The charging zone 60 and the fluxing chamber 80 are shown as separate or distinct zones separated by partition 84 whereby the charging occurs on one side of the partition and the fluxing on the other. However, such is not necessarily intended as a limit on the invention as it is possible to apply fluxing gas to the charging chamber 60 and the metal passing therethrough. However, it is preferred to allow at least some time after charge immersion to assure melting of the solid charge since the fluxing action is of little or no benefit until the charge is liquified. The slightly spaced separate zones depicted in FIG. 2 are useful in this respect. Also, as explained below, the oxides and other contaminants removed form a floating skim layer and such could interfere with or complicate immersion of the charge feed. Hence it is usually preferable to have separate or distinct zones or chambers as shown in FIG. 2 to facilitate separate melting and fluxing operations which are spaced but extremely closely and controlled timewise with respect to the movement of molten metal and freshly melted charge.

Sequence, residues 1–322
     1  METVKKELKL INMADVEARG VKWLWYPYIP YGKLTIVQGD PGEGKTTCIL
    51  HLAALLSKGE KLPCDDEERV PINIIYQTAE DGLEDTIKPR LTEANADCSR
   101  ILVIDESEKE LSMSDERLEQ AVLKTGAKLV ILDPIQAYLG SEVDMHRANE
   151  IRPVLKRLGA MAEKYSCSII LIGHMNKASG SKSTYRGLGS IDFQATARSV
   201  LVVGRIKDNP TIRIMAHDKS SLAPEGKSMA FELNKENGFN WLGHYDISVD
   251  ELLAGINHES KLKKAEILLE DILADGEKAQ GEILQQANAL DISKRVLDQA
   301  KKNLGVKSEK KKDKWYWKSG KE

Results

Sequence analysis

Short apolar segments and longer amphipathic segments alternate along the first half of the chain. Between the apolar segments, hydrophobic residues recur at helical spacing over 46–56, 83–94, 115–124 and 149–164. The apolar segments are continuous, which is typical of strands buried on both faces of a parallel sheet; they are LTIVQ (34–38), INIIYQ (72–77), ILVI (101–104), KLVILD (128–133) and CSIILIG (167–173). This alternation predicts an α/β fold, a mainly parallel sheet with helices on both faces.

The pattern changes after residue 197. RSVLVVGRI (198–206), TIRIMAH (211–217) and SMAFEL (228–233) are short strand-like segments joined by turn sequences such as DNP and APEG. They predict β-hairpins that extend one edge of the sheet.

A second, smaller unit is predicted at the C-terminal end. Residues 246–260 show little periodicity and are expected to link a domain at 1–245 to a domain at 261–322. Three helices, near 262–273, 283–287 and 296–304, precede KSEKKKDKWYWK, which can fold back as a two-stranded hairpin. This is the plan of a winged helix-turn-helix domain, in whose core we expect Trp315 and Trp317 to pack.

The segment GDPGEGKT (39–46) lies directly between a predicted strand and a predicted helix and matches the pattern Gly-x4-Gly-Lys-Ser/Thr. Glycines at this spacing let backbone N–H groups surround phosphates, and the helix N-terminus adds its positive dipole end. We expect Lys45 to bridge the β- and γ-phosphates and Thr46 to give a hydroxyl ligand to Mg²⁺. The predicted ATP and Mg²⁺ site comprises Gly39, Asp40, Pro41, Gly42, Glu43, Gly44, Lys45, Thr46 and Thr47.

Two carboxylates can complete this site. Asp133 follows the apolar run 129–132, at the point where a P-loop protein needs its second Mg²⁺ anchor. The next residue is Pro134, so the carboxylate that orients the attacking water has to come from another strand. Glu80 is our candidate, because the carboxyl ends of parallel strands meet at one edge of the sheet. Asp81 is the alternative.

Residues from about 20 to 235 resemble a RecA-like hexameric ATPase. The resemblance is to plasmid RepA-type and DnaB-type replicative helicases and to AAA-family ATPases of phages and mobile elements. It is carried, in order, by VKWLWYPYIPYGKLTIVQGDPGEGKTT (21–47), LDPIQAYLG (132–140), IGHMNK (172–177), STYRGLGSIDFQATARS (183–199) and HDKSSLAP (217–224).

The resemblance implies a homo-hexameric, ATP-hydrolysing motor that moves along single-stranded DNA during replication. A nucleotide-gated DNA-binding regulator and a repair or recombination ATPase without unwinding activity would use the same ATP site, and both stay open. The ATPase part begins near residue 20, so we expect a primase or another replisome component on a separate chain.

As already indicated, the time at which fluxing is initiated on the freshly liquified charge metal is of substantial importance in practicing the invention. In its broadest sense the invention contemplates treatment with the gaseous fluxes being initiated in advance of substantial chemical reduction of aluminum reducible oxide impurities in the charge so as to, by the fluxing treatment, remove the oxides from reactivity with the aluminum thereby substantially decreasing chemical reduction of the impurities. In a general sense the invention contemplates that the charge be exposed to the fluxing action substantially immediately upon melting or liquification by which is meant substantially concurrent with or as soon after melting as practicable, for instance within 60 seconds after melting and preferably within 30 seconds or, still better, not more than 15 seconds after melting. Highly preferred practices contemplate fluxing within as little as 5 seconds after melting. The times referred to apply to the initiation of fluxing rather than the completion thereof.